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Finding Renewal in Costa Rica


Our second trip to lush Costa Rica proved just as magical as our first in September 2018. This time a wonderful group of 12 folks joined us to explore several areas of Costa Rica.

We began our tour at Finca Luna Nueva (in the region of San Carlos), the second biodynamic farm established in Costa Rica where they used to grow organic ginger and turmeric for New Chapter before Procter and Gamble bought it out. One of the farm’s
co-owners, Steven Farrell, started us off with a farm tour of 320 species of tropical medicinal plants of diverse biological categories – trees, shrubs, grasses, and lianas (woody climbing plants).

Amongst many of these plants, we saw acerola berry (from the cherry tree), hombre de grande (Quassia amara, one of the ‘spices’ used in commercial bitters), allspice, katuk (a sweet leaf used in Indonesian cooking), annatto (of course a few of us couldn’t resist
dying our lips with its red powder), nutmeg (we cracked its pod open to inspect the red mace covering its seed), the tea plant, and
many varieties of ginger, turmeric and galangal.

We learned that at Luna, they harvest bark from the Cinnamomum verum tree by growing it for seven years and then cutting the truck to within a few feet of the ground. This allows suckers to grow that are then used over time instead of killing the tree.

From there we explored Luna’s local forest with of one Costa Rica’s two prominent ethnobotanists, Raffa Ocampo. He enthusiastically introduced us to the uses of many plants, including:

  • The beautiful undulating monkey’s ladder liana (Bauhinia – for back pain, parasites and diarrhea)
  • Gavilana (Neurolaena lobata – used for parasites and digestive disorders; in Jackass Bitters)
  • sour cane (Costus spicatus – tonifying, antiseptic and diuretic; often combined there with corn silk and passion flower),
  • sour orange (Citrus aurantium, also called bitter orange or zhi shi by the Chinese, who use the peel; in Costa Rica they use the leaf as a sedative and digestive aid)
  • stevia (used not just as a sweetener but also for bronchial and intestinal problems)
  • uña de gato (Uncaria tormentosa or cat’s claw – they use the bark and root of this liana for arthritis and digestive disorders; it reminded us of Uncaria rhynchophylla, gou teng, the stem and spine – ‘claw’ – used in Chinese medicine for spasms, hypertension and headaches)

We saw many more plants of course, but Raffa’s discussion was most interesting. He confirmed that the indigenous folk dosed themselves similarly to those in the US by stuffing a pot full of herbs and water, cooking them down and then drinking large
quantities of this tea until it worked!

As well, both Steven and Raffa discussed the importance of secondary metabolites in herbs – their important healing properties. One of the key principles to these is that if the plant is grown outside its native habitat, its secondary metabolites are lost, rendering the plant less effective. Pharmaceutical companies don’t care about these, but herbalists do. This indicates that monoculture isn’t as effective since environment matters, and not just the soil, but also the area’s biodiversity. The Chinese have long recognized this, stating how important it is to harvest plants grown in their particular locations.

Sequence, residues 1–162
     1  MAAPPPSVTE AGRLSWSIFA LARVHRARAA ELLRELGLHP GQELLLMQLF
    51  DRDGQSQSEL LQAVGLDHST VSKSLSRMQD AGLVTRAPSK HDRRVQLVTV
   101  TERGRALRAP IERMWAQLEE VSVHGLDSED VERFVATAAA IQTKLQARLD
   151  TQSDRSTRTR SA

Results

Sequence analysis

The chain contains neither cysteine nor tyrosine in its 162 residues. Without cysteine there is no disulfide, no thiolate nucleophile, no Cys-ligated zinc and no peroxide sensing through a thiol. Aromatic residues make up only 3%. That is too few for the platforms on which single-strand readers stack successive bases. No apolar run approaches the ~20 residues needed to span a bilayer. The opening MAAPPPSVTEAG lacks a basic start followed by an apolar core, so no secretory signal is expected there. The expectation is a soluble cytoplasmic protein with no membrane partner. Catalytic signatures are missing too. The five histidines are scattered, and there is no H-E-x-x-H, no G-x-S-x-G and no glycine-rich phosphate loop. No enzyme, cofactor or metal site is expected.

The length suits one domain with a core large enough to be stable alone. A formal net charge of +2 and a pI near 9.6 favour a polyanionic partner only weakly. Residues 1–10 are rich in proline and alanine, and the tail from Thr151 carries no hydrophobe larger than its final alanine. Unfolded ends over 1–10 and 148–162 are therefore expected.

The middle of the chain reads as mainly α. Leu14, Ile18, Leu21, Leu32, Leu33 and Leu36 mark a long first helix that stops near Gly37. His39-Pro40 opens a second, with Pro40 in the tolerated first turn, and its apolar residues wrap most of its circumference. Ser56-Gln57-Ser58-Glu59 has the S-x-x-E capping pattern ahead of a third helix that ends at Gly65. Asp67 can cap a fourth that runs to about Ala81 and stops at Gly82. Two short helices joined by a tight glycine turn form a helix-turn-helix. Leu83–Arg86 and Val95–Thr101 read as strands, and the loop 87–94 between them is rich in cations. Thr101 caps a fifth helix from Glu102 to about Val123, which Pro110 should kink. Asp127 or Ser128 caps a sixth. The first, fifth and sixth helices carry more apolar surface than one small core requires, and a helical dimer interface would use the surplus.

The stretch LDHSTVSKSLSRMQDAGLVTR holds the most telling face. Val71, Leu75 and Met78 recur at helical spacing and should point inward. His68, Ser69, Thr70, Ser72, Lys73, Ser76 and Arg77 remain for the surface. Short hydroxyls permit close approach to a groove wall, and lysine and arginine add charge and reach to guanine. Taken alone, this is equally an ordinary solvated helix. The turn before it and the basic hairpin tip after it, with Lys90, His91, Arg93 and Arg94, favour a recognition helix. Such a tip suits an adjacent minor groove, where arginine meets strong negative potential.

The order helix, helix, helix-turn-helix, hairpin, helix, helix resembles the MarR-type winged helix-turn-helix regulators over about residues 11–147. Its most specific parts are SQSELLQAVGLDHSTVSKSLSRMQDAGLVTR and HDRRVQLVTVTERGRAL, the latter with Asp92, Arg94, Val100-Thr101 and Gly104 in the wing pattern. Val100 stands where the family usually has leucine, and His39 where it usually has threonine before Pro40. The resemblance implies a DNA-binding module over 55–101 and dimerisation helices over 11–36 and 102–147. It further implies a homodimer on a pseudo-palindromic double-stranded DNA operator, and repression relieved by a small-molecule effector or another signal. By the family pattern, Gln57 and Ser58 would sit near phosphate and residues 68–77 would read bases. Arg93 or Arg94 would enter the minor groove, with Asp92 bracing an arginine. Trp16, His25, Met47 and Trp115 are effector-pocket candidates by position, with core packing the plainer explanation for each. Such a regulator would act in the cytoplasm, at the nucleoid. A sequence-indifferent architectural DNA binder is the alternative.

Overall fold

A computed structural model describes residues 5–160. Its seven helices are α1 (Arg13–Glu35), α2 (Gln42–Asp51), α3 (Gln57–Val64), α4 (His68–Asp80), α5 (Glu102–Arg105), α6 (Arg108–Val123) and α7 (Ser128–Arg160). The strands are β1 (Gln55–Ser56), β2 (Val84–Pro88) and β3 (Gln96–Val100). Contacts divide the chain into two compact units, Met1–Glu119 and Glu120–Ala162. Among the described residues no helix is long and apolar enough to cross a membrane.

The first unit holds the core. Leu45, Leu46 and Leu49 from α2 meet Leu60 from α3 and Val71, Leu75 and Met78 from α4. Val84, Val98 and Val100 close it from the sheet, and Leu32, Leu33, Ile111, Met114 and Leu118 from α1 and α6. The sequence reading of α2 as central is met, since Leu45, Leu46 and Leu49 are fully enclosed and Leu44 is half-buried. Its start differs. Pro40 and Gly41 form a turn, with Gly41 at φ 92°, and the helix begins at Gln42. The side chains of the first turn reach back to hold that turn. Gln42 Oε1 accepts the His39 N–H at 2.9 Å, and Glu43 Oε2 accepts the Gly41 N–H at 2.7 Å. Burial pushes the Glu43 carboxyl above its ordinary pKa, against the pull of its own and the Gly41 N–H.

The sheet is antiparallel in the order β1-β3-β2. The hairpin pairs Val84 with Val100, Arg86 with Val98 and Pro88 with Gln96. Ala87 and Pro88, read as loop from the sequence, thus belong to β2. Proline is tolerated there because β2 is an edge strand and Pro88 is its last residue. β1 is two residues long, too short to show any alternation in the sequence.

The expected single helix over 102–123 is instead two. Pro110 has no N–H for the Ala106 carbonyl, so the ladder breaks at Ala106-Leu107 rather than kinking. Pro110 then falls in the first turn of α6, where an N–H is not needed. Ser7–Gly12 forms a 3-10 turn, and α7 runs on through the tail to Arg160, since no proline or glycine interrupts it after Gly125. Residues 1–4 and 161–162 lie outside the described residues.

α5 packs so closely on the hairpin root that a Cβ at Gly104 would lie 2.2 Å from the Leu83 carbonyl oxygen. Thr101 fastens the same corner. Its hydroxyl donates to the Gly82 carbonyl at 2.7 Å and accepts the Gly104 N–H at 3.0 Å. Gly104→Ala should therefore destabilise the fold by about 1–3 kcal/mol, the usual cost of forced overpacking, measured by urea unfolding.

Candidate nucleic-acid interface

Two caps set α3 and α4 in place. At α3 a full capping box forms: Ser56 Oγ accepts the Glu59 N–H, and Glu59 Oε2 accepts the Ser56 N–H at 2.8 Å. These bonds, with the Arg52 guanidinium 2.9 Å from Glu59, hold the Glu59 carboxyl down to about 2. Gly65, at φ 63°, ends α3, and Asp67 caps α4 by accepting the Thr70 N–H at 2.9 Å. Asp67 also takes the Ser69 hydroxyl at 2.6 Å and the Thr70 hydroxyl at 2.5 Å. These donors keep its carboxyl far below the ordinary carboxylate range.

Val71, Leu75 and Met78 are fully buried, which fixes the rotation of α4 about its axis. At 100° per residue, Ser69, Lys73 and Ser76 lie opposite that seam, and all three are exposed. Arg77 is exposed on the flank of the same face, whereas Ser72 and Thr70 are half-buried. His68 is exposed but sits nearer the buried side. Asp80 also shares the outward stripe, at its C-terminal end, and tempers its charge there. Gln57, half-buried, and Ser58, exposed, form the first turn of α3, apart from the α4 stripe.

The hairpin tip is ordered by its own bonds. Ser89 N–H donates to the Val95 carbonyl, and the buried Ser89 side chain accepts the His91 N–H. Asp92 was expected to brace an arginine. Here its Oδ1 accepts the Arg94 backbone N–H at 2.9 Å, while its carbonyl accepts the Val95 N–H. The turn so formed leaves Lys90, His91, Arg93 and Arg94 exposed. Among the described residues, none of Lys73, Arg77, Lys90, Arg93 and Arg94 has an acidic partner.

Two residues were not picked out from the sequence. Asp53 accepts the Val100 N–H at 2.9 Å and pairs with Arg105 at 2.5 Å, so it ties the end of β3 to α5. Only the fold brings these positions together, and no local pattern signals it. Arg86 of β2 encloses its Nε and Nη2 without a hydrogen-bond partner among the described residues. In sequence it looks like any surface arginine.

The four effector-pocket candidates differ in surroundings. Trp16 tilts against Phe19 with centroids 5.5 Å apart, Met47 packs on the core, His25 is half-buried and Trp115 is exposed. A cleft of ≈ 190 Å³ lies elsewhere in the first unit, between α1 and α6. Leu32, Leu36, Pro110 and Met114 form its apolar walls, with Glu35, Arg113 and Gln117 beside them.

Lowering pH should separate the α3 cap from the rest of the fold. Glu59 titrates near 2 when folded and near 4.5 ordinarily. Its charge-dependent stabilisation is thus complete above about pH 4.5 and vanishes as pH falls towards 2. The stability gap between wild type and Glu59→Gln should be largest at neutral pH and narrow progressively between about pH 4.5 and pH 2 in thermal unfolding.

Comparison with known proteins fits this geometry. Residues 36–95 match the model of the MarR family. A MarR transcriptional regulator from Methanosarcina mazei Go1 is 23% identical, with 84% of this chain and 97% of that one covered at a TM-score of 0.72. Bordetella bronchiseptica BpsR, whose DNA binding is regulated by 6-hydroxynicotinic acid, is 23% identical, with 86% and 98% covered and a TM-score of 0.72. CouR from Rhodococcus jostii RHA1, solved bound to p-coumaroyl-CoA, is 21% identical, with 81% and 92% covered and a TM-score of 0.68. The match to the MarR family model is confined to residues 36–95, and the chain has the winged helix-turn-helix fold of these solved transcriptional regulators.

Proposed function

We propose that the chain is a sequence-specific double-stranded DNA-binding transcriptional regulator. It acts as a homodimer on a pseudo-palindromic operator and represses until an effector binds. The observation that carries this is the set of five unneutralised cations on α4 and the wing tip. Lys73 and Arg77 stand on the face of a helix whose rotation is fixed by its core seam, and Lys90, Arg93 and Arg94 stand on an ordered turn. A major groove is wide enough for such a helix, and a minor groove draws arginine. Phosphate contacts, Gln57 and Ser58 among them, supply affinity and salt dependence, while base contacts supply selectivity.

The next day we experienced a fabulous cacao “tour” where we learned the entire gamut of making chocolate from seeing the pod on the tree and breaking it open to eating the sweet fruit around its seeds, and grinding the fermented and toasted beans into a mash. We ate some of this raw and added 30% sugar to the rest, making our own huge chocolate bar that we broke into pieces and enjoyed the remainder of our trip. It was the most delicious chocolate any of us had ever eaten, partly because the cacao oil
was retained rather than siphoned off to make the second cacao butter product good for the skin, as is done with most commercial cacao (typically palm oil is added back in instead).

The next day we traveled to beautiful Amatierra yoga and healing retreat center (one hour southwest of the San Jose airport), owned and run by Jill and Bob Ruttenberg for 13 years. There, Quitirrise Medicine Woman, Doña Zoraida, joined Jill to lead our group on a mountain forest herb tour. Zoraida not only discussed the herbs and their local uses but also shared how they were employed in
native ceremonies for healing.

Scattered amongst all these fabulous herb explorations were adventures to local sites. We again visited Arenal volcano with its forest, farm and gardens as well as soaked in the nearby hot springs, the most beautiful many had ever seen. On yet another day, half the group explored the beach while the others visited Poas volcano (the last eruption as in April, 2017!) and the La Paz garden waterfall cascades, complete with indigenous rescue insects, butterflies and animals of all sorts.

As well, Michael, Jill and I gave scheduled and impromptu classes, including Korean Hand Therapy, pulse diagnosis, Kampo abdominal diagnosis and herbal therapy, and Chi Nei Tsang self-help abdominal massage along with other spontaneous teachings. Needless to say, it was a very full adventurous week that also found us drifting in swimming pools, receiving massages, reading, communing with others, and more relaxing activities. Our week together was truly a healing retreat on all levels, leaving many of us wanting more. In fact, a new style of East West retreat may well have been born – we might schedule other such traveling retreats for personal study and healing in the future.



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